An example of this claim I read recently was made by someone talking about the Wiener affair. She explained – feebly I thought – why women should not pick attractive husbands. Excusing women (and men) for how they are “wired” to pick a mate she said this (bold emphasis mine):

But who can blame her? She, like so many women — and men — pick a mate based on pretty predictable factors, dating back to caveman days when all we were trying to do was survive and keep our species going, according to physical anthropologist and Why Him? Why Her? author Helen Fisher, who has been studying human courtship for decades. We’re drawn to guys like Weiner because they have good genes we can pass on to our kids. The downside is that we take a huge risk on whether he’s going to be sexually faithful to us.

There’s so many problems with the claim it’s difficult to know where to begin my criticism. First of all, men and women are not drawn to each other based on an affection for genotype; if anything they are drawn to each other based on phenotype, i.e. broadly on the features and behaviors the other exhibits. It is not possible to know simply by assessing somebody’s phenotype whether they have good genes or bad genes. One reason is that for the vast majority of human phenotypes, even those we might want our children to inherit, we have no idea what genes are involved. Take intelligence for instance. Undoubtedly, there is a genetic basis that explains some variability in intellectual ability. Although we don’t know what that genetic basis is precisely, we do know that environment and learning play a huge role in outcome. So if your goal is to have smart children, then you are as likely, or maybe more likely, to get them if you raise them in a learning environment similar to the environment other smart people experienced in their formative years, than by trying to identify a mate with “good” genes. Again, for the simple reason that we don’t know what genes code for intelligence, even if one somehow could detect “good” genes.

For the record, I share the belief of many systems biologists who think intelligence, like other complex phenotypes, can not be explained by the activity of one or a few gene products.

Another basis for my criticism is that, even if you believe that phenotypes (traits) are directly encoded by the genes, you would still fail to detect the “infidelity” gene(s) in Weiner because he is deliberately keeping that behavior secret from potential mates. I’m certain his wife was unaware of those “bad genes” when she married him. Had she been able to detect the “infidelity gene” in Weiner, and wanted to save her son (or daughter) from inheriting this perfidy, presumably she would not have married Weiner. Just as a person who, assuming their primary concern was the quality of their children, would hesitate to marry another person if they knew that person had a bad gene that might recombine during meiosis with their own bad copy to cause a debilitating disease in their child.  This is the basis for certain Mendelian disorders in children, caused by inheriting a bad (recessive) gene from both parents, nether of whom is affected. The biggest reason many of these diseases are not prevented in children is not because we don’t know the bad gene(s) involved, sometimes we do, but precisely because, contrary to what the author of the article claimed, we can’t detect by observation if a person has “good” genes or “bad” genes.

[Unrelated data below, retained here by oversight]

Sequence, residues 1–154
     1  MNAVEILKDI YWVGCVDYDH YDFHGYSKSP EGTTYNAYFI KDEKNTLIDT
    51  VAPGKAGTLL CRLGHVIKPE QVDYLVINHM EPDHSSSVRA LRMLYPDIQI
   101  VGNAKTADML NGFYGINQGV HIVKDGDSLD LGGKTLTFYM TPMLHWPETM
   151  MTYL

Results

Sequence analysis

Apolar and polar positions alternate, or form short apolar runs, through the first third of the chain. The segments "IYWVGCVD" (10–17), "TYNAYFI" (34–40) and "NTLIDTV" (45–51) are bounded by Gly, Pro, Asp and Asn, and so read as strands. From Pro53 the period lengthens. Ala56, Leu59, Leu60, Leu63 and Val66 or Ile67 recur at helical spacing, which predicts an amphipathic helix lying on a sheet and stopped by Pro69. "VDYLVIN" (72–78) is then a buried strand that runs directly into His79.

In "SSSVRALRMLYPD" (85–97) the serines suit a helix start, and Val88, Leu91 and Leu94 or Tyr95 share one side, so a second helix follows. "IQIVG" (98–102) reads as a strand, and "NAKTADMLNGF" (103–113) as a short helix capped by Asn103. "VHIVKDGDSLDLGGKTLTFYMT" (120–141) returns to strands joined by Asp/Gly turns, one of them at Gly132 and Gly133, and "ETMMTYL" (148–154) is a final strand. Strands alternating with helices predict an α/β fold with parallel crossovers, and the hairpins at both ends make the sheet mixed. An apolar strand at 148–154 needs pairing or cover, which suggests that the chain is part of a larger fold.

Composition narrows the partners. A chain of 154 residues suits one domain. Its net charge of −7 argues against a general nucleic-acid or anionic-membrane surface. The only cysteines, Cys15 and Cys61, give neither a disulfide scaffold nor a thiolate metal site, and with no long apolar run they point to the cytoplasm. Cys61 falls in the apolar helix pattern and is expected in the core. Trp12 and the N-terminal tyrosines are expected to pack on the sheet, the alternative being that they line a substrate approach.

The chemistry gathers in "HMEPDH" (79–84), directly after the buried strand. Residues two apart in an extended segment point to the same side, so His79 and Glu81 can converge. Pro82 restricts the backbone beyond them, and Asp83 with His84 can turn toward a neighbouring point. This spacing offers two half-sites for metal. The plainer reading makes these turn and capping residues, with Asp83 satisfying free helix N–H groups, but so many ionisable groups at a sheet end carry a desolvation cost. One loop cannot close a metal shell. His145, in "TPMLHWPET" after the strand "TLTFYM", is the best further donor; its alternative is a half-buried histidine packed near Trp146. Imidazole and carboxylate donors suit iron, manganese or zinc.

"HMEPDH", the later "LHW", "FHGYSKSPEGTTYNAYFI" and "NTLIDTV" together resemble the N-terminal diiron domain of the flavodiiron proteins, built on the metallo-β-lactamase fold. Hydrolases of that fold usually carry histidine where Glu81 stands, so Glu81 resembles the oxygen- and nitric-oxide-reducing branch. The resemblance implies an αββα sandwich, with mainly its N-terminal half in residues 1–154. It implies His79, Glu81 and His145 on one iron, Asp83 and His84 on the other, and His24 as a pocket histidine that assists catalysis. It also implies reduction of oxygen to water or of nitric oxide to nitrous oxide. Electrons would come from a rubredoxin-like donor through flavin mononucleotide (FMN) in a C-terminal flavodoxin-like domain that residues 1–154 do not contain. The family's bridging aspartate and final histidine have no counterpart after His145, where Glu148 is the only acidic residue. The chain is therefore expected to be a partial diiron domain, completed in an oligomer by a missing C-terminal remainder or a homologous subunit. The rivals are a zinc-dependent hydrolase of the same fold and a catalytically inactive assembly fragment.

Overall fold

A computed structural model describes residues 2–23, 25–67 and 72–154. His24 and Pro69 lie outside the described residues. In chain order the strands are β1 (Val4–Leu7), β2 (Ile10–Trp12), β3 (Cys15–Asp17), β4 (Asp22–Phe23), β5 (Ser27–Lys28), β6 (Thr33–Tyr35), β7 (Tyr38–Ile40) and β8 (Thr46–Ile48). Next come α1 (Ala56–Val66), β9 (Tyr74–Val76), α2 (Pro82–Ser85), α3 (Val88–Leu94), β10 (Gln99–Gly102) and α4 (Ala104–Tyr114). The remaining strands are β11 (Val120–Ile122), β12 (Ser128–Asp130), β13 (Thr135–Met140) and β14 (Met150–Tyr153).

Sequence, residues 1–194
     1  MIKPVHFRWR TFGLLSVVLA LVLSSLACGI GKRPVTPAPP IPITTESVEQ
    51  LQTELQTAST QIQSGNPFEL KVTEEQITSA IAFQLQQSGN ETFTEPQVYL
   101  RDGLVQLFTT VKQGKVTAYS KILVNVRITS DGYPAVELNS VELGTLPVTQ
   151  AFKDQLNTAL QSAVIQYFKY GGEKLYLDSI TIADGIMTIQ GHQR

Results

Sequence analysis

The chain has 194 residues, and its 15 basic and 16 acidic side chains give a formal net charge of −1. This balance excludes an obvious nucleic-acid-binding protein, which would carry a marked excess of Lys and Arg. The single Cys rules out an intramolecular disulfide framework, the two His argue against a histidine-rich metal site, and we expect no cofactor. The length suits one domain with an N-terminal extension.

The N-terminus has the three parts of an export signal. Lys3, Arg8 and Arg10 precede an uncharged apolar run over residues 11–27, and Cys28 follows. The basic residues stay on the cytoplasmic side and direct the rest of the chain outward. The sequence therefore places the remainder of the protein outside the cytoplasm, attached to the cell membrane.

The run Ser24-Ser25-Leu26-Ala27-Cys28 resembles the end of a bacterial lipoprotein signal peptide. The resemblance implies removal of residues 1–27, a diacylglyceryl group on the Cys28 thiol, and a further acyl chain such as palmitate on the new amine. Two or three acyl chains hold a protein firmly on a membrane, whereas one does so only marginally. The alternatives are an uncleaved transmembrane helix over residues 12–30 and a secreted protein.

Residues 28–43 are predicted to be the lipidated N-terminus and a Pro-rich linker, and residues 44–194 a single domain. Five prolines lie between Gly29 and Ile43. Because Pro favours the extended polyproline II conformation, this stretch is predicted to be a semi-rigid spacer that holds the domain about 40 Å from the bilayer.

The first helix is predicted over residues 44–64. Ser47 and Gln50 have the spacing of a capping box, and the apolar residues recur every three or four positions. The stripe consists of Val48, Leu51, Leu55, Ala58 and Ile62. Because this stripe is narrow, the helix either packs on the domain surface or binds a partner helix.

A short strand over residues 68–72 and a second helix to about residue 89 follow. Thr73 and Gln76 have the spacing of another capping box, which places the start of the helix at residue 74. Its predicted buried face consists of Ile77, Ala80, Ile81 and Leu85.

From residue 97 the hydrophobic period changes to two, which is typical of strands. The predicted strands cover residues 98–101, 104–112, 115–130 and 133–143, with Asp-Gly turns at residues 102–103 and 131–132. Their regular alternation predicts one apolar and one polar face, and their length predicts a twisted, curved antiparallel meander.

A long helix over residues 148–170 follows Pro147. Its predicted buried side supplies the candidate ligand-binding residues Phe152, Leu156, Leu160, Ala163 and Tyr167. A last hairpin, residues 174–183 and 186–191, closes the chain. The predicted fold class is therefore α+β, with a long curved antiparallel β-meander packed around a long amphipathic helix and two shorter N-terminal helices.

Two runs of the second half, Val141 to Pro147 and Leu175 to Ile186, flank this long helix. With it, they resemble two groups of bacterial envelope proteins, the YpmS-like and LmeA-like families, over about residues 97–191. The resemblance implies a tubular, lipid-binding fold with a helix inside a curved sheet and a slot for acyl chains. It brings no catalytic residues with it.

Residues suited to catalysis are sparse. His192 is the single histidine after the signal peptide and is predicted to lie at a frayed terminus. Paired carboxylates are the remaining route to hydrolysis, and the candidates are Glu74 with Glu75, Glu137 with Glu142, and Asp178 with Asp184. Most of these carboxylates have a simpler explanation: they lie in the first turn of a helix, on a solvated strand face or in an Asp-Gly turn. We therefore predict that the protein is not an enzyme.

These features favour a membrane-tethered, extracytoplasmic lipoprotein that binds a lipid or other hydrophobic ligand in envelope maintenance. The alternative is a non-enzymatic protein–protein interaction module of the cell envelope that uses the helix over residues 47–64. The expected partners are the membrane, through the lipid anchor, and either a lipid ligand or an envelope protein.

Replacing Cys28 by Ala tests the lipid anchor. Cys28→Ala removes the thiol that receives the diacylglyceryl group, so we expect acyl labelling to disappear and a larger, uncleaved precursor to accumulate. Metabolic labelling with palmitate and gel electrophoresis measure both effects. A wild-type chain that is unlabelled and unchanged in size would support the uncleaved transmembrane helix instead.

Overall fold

I think the reason people continue to repeat this silliness – generally, that what we do as humans is explained by our genes and our desire to mate with someone with “good” genes – owes to their being duped by an increasing number of books and pop science articles related to evolutionary biology, many of which greatly oversimplify human biology in order to account for what we do or why we do it. These people don’t understand the actual science, or the corresponding limitations of our present knowledge.

UPDATE: In the event you are skeptical that any scientist would take the idea that there is a human gene for infidelity seriously: here you go.

HTC Desire Oddity

I’m sitting outside in a lounge chair on the raised boardwalk I’m building on the south side of our house. Enjoying a glass of Chardonnay.  It’s sunny so I’m wearing my Maui Jim sunglasses, and I notice that when I turn the phone sideways to “landscape” view the display disappears. Something to do with the polarization of my sunglasses I assume, or the HTC screen, or both. Kind of annoying, since I prefer that orientation when typing a lot, like this post for instance. I wonder if there is an app to correct for this “feature”?

Summer Breeze

A friend of mine who lives in New Hampshire is flying to Portland, Oregon tomorrow to meet his father in-law. Together they will ride their bikes to the other Portland. The one in Maine that is. Four thousand miles. They figure it’ll take them 9-10 weeks. They’re blogging the adventure here. They’re soliciting donations for two charities; leave a comment if you’d care know which ones.

Weather here in Alaska has moderated a bit. Cooler today, but sunny and pleasant. We dug up the trees that were ravaged by the Moose this past winter and replaced two of them with Mayday trees. We placed them (we hope) sufficiently far enough away from the fence so as not to tempt moose to lean over and eat them, or worse, crash through the fence again and ravage them. We had the area in the backyard where the septic was repaired this winter re-graded and seeded. Already there is a soft, dense green whisker emerging. In a few weeks we’ll be mowing. Just in time for my parents visit! They will be here the first two weeks of July. Last time my father was here was close to twenty years ago.

In the meantime me and the misses missus celebrated our 5th wedding anniversary. Like it was yesterday. Pictured here at her boss’s wedding this past Saturday in Big Lake, AK.